only sport, but in entertainment -- as evidenced by the
    continuing popularity from countries that want to host it,
    advertisers that want to be associated with it, and networks that
    want to televise it.  An advertiser who really understands his
    marketplace and understands what he is trying to do, will
    recognize that the Olympics is the best environment for him to be
    in.  Nothing else in sports shows you the emotion and the ability
    to strive and to achieve.  The Olympics aren't just about
    winning, they are about participating, about the long road
    getting there.  For most companies, that tends to be a big part
    of their message.
         THE DAILY:  What's the next AVP?  Are there any other hot,
    new sports properties?
         MILLER:  We were very fortunate with the AVP.  It came at a
    time when we needed the programming when we lost baseball in
    1989.  The AVP guys were very cooperative and eager to work with
    us.  We had good sponsorship support.  It is probably -- in
    addition to the NBA -- the single most integrated sports property
    you can have. ... As far as what the next AVP is, I don't know.
    I don't think that when we got the AVP we knew that the AVP was
    the next AVP.
         THE DAILY:  With viewers hungry for sports, is there any
    chance we will see any NBA games before Christmas?
         MILLER:  The NBA knows their product better than anybody
    else.  They know what works and they know the timing of it.
    These guys are the best there is. ... I don't think that we're
    looking to move up anytime soon, I think that we're going to have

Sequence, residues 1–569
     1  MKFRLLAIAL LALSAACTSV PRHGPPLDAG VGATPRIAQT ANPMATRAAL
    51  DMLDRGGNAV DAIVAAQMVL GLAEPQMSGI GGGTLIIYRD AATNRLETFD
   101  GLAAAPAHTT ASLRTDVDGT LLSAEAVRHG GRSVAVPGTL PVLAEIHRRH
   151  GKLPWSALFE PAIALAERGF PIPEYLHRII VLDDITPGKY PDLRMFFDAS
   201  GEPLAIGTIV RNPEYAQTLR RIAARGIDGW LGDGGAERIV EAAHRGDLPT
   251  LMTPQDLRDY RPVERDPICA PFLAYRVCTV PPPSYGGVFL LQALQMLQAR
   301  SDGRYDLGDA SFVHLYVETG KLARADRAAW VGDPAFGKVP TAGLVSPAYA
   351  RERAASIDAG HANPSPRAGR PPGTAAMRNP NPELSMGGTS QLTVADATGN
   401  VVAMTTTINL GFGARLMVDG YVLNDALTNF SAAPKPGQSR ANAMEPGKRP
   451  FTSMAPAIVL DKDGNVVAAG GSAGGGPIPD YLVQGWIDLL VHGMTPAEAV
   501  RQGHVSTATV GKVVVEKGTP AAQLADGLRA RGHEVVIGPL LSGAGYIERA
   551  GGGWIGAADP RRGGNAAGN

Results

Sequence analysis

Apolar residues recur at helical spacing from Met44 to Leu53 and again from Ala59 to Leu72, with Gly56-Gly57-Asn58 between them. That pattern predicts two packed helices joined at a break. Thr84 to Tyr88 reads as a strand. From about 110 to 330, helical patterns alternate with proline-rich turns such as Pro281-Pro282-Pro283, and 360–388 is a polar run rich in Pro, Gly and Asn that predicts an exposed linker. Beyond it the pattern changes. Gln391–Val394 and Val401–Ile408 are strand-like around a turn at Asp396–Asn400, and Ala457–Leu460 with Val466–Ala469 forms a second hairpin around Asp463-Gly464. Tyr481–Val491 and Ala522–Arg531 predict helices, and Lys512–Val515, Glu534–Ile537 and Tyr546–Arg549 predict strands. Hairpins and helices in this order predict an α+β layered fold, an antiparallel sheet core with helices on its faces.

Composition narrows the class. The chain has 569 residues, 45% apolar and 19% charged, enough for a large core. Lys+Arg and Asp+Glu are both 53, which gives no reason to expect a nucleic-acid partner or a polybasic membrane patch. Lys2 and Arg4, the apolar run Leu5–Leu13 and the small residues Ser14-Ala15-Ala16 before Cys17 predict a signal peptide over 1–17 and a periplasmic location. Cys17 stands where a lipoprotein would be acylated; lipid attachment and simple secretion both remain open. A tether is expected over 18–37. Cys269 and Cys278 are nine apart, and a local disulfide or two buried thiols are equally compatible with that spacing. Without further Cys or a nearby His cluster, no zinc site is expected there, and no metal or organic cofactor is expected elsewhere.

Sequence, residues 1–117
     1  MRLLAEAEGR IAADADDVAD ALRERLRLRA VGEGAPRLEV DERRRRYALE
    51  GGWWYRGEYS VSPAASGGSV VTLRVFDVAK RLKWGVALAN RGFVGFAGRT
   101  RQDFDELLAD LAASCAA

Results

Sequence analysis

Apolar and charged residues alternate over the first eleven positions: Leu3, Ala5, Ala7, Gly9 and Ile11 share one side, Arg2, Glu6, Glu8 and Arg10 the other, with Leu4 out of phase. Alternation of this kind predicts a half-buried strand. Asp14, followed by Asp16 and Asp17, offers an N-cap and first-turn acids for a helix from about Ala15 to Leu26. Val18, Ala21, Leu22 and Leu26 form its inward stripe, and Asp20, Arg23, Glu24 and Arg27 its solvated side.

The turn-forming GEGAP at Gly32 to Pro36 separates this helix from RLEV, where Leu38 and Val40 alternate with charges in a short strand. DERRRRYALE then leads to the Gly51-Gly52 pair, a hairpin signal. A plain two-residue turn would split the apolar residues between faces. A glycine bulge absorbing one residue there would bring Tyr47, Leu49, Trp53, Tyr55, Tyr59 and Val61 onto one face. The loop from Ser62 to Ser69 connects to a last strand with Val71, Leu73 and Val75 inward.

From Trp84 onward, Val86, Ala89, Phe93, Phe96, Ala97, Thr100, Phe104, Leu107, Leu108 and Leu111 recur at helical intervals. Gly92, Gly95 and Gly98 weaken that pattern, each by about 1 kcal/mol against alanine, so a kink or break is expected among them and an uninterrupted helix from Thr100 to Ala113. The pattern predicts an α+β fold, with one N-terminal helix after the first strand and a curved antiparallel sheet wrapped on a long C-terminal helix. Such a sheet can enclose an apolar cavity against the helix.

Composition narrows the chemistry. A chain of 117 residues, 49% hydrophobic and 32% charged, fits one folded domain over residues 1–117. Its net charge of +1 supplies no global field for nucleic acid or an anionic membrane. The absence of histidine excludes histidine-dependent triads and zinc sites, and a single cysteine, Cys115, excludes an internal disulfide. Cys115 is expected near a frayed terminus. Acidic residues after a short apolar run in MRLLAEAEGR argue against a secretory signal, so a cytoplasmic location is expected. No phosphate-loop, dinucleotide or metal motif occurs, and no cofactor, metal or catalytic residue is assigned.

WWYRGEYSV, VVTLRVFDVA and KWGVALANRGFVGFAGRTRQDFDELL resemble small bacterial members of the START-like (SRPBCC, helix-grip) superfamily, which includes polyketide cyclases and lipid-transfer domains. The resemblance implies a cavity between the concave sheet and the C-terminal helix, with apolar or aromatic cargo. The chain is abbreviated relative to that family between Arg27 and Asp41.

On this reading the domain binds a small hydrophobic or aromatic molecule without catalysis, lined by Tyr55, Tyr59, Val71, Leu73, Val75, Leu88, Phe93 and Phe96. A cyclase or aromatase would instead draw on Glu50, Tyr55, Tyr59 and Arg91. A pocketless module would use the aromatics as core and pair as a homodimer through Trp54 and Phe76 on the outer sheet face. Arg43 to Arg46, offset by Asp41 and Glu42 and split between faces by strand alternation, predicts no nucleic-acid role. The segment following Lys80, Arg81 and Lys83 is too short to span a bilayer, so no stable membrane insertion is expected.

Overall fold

a very exciting first and second quarter of NBA programming.
    That's what we're sticking with.
         THE DAILY:  The AFC is topping the NFC in the ratings for
    the first time in 15 years.  Is that attributable to the NFC's
    shift to Fox?
         MILLER:  No, I don't think it is attributable to that.
    There are a lot of reasons.  We have done a good job promoting.
    I think that people really like our pre-game element, they see
    "NFL Live" as a very strong, information-filled pre-game show.
    ... There are also a lot of real strong football stories in the
    AFC right now, and a lot of very, very exciting players and
    quality of football that is being played. ... [But] I'm not going
    to kid you, the fact that they are the only game in town right
    now doesn't hurt.
         THE DAILY:  What would a change in ownership at NBC -- a Ted
    Turner or Disney -- mean for sports programming?
         MILLER:  That's really tough for me to comment on.  These
    guys are all very smart businessmen and they have had great
    success wherever they have been.  And I would think that whoever
    would come in would say that if this makes sense and if this is
    doing well, then we continue.  And if it's not, why not?  It's
    not just sports. It would be the same for stations, business,
    news, entertainment, video, cable, international, ancillary
    marketing, promotion, you name it.  That's the way successful
    business strategists like that look at programming.
    

    Print | Tags: MLB, NBA, NBC, News Corp./Fox, NFL, PGA Tour, People and Pop Culture, Walt Disney